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Sugary drink tax aims to cut obesity costs


13 July 2015

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A 20% sugar tax on sugary drinks has been called for by the British Medical Association (BMA), to subsidise the sale of fruit and vegetables and tackle obesity.

A 20% sugar tax on sugary drinks has been called for by the British Medical Association (BMA), to subsidise the sale of fruit and vegetables and tackle obesity.

A third of Brits are projected to be obese by 2030, and the BMA report Food for Thought highlights the need for action to promote healthier diets, particularly among children and young people.

It also calls for new legislation to ensure that all of the 3,500 academies and 200 free schools in England adhere to the same mandatory food standards as state schools, such as not serving soft drinks and providing at least one portion of fruit every day.

Professor Sheila Hollins, BMA board of science chair, said: “Doctors are increasingly concerned about the impact of poor diet, which is responsible for up to 70,000 deaths a year, and has the greatest impact on the NHS budget, costing £6bn annually.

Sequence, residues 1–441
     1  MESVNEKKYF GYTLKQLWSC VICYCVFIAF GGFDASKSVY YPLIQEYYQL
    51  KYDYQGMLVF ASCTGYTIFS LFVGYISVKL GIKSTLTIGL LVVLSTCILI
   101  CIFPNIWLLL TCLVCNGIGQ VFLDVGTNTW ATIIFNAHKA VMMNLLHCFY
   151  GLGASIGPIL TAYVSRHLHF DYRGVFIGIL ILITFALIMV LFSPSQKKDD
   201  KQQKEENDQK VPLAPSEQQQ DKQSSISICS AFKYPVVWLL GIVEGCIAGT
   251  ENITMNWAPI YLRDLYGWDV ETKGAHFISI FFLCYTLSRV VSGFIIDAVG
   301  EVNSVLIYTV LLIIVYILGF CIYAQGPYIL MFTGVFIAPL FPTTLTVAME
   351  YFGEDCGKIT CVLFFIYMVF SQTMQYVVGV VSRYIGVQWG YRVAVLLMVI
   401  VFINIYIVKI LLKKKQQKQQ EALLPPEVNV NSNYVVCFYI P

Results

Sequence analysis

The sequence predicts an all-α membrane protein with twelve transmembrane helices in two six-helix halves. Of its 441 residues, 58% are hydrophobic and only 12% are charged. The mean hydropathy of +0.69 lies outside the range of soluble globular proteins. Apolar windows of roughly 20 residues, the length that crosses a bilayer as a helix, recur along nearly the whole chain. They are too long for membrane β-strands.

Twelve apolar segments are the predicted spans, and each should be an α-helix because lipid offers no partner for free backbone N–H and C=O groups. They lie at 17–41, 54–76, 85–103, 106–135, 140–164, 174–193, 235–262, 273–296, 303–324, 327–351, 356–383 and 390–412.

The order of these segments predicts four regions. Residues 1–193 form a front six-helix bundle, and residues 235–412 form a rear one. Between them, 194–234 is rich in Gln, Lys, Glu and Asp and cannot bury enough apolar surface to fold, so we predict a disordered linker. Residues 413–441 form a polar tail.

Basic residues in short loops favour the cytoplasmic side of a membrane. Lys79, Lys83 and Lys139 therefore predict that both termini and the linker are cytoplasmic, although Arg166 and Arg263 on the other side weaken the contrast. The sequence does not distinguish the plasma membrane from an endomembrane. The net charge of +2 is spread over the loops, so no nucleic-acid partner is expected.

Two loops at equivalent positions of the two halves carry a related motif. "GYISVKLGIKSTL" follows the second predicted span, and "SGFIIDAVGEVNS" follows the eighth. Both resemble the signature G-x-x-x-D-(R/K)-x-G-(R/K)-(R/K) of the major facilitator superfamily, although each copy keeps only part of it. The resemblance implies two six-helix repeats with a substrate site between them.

“We know from experiences in other countries that taxation on unhealthy food and drinks can improve health outcomes, and the strongest evidence of effectiveness is for a tax on sugar-sweetened beverages. If a tax of at least 20 per cent is introduced, it could reduce the prevalence of obesity in the UK by around 180,000 people.

The BMA also recommended that the price of fruit and vegetables is subsidised, to encourage a healthier diet. 

The price of fruit and vegetables has risen more than 30 per cent since the start of the recession, with the majority of the population not consuming them at the recommended levels.

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